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6B.002 Exploring child drowning prevention across Australia, Canada and New Zealand
  1. Amy Peden1,2,3,
  2. Richard Franklin2,3,
  3. Tessa Clemens4
  1. 1School of Public Health and Community Medicine, University of New South Wales, Kensington, Australia
  2. 2Royal Life Saving Society – Australia, Broadway, Australia
  3. 3College of Public Health, Medical and Veterinary Sciences, James Cook University, Townsville, Australia
  4. 4Drowning Prevention Research Centre Canada, Toronto, Canada


Background Young people are the leading contributor to the global drowning burden with children under five at highest risk. This study explored temporal trends in fatal child drowning across three high income countries: Australia, Canada and New Zealand.

Methods A total population analysis of all unintentional drowning deaths among 0–19 year olds from 2005–2014 was undertaken using data from national drowning prevention organisations from each country.

Results 1,454 children and adolescents (17.8% of all drowning deaths) died from drowning across the three countries; rates ranged from 0.92 (Canada) to 1.35 (New Zealand) per 100,000. When examining linear trends over time of crude drowning rates, both Australia (y=-0.041) and Canada (y=-0.048) reduced with New Zealand (y=0.005) showing a slight increase, although highly variable year-to-year. Reductions in all three countries have been seen at rivers and swimming pools. For New Zealand drowning deaths while boating and in lakes/ponds have increased.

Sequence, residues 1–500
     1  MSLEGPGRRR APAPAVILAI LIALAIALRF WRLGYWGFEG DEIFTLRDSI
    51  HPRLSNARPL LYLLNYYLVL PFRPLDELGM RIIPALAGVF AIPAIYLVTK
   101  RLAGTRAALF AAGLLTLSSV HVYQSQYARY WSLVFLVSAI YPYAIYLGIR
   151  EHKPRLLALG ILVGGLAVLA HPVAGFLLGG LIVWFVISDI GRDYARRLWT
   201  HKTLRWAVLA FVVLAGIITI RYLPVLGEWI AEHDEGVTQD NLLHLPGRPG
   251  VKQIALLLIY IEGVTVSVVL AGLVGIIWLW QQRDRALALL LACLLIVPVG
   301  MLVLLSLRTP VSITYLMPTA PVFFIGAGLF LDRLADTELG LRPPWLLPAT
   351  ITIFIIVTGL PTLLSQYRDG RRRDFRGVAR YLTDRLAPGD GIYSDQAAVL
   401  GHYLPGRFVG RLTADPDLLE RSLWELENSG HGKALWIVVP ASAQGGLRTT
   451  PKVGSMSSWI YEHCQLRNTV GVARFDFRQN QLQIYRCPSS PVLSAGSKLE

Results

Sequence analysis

Conclusions Investment in prevention in Australia and Canada is showing results. Lessons from each country may help enhance drowning prevention across the three countries and other high-income contexts. Further research is needed to definitively confirm effectiveness of preventative strategies such as mandating pool fencing through legislation and enforcement, bystander CPR and increased public awareness.

Learning Outcomes Routinely collated data with consistently reported variables allows comparison between and across countries. This study highlights where achievements have been made in the reduction of unintentional fatal child drowning to strengthen investment in existing prevention strategies or to encourage investment or policy change where needed.

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